This is our Craft, the life or death of it falls no place other than on OUR shoulders.


Bro. Brian Schimian is Life of Member A.O. Fay #676 in Highland Park Illinois and the Medinah Shriners - Lake County Shrine Club. He was also the Past Master Counselor of DeMolay - Lakes Chapter in 1995. Most recently, Brian became a Companion of the York Rite, joining Waukegan Chapter #41 R.A.M. Brian is a father of two children. "Start Square, Finish Level"


  1. Yes, I agree with most of your points, but at times I wonder if the influx of members after WWI and WWII have spoiled us. We have become use to the amount of dues these brethren brought in. What were our membership numbers before for the WWI and later WWII influx. Many of the buildings we are now having trouble maintaining were built after the WWI membership increase, Before that, many lodges met upstairs from a downtown business. If there was a separate Masonic Temple, it was shared by one or two lodges and Star along with the Scottish Rite and/or York Rite, all contributing to the cost of up keep. After WWI, new Masonic Temples and separate Scottish Rite Temples were built. Now, many of these building are 70 to 100 years old and to a point when any building that age needs major repairs, renovations and upgrades no matter how well preventative maintenance has been done. I'm not saying we need to sell our buildings, but maybe we need to be a little more realistic about our numbers and find new ways to help pay for our buildings like renting them out for other community organizations and events. Most of the big Temples have large dinning halls and kitchens facilities just waiting to be used for a wedding reception or a community meeting.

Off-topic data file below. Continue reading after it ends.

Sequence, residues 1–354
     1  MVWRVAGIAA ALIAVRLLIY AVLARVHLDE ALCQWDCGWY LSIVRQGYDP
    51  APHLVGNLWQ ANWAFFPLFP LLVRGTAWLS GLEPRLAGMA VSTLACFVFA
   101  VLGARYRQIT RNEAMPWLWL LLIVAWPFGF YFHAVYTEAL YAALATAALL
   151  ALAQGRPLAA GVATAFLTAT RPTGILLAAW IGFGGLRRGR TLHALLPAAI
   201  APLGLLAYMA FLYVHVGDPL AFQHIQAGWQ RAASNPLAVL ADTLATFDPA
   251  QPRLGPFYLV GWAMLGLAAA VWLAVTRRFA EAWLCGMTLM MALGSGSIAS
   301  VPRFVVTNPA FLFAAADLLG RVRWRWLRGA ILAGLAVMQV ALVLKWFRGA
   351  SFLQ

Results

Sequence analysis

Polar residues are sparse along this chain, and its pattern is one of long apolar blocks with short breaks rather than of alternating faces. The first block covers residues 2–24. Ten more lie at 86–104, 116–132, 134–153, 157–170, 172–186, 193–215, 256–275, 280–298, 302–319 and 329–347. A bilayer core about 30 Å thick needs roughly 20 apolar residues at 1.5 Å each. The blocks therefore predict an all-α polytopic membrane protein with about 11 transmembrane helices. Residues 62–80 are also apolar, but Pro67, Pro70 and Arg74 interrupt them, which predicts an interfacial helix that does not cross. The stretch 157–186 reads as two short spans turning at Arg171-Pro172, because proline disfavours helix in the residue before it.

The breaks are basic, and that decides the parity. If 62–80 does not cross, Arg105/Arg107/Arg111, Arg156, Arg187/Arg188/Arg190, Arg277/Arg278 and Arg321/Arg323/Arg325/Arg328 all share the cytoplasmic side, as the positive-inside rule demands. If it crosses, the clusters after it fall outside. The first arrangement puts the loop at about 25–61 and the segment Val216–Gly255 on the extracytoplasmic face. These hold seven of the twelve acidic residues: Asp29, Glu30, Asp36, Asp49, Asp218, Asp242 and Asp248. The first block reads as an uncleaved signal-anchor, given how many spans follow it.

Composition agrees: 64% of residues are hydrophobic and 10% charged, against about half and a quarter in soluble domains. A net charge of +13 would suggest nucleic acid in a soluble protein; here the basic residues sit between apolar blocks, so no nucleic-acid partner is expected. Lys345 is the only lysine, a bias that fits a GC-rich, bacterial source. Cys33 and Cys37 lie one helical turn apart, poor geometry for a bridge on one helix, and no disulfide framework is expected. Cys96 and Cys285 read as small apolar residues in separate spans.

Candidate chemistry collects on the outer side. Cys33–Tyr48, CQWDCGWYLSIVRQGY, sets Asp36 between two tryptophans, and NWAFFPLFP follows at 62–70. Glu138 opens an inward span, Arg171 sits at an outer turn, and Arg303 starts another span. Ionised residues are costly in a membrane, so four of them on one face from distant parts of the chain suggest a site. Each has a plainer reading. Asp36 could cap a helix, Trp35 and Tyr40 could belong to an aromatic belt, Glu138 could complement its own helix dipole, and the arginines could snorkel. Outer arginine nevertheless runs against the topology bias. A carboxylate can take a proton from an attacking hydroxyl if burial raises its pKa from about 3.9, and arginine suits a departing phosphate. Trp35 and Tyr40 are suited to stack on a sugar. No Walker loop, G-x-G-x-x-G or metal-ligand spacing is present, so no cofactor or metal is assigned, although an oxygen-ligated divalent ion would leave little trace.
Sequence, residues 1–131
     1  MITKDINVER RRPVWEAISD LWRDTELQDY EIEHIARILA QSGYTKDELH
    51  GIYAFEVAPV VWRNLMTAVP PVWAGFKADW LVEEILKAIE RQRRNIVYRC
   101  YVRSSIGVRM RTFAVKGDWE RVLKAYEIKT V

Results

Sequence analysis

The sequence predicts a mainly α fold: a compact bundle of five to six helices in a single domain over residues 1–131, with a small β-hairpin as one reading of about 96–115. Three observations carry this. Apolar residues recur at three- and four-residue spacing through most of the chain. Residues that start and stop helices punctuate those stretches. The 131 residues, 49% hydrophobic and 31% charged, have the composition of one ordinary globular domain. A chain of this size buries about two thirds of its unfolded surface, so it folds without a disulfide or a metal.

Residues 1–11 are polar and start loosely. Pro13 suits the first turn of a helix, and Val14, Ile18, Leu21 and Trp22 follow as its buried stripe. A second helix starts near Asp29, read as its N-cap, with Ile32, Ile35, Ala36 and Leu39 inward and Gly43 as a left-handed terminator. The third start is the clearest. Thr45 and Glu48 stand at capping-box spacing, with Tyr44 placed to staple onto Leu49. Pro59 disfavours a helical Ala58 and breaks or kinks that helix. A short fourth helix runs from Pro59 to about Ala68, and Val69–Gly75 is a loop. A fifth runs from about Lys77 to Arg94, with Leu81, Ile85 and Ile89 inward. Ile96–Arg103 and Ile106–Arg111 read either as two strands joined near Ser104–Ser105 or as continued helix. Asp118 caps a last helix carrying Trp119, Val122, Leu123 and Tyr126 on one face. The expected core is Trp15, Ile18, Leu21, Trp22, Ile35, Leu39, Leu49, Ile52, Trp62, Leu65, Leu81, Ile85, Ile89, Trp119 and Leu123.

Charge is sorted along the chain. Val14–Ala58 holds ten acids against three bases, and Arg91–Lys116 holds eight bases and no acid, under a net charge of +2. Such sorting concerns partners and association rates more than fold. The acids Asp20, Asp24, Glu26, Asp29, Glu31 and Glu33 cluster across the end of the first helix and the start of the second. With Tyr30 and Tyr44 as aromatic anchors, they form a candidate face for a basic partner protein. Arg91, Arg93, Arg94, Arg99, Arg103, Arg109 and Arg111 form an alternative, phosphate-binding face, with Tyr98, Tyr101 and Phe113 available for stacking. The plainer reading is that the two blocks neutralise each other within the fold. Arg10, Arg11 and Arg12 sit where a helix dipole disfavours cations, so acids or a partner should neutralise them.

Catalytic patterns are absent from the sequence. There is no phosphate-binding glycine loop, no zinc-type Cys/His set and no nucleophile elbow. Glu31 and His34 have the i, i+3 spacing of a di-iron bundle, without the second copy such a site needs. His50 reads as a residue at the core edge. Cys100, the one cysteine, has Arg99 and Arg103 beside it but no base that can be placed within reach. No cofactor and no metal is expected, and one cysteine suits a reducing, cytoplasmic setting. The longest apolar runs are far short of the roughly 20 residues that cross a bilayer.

2. I would like to say I agree with many points in this. I will also say I was raised a year ago and am sitting in a Deacons chair. In our jurisdiction Deacons and Stewards are appointed however. The main reason I am in the chair is because immediately after I got my cipher I began studying the ritual. I think it may be in part because I was in OA as a Boy scout but ceremonies and ritual has always interested me. I am also trying to gain knowledge all I can about the craft. My lodge has some very excellent education and they are talking about trying to get younger members ore involved. This is my $0.02 but sometimes I think being a younger member and sitting in a chair is okay.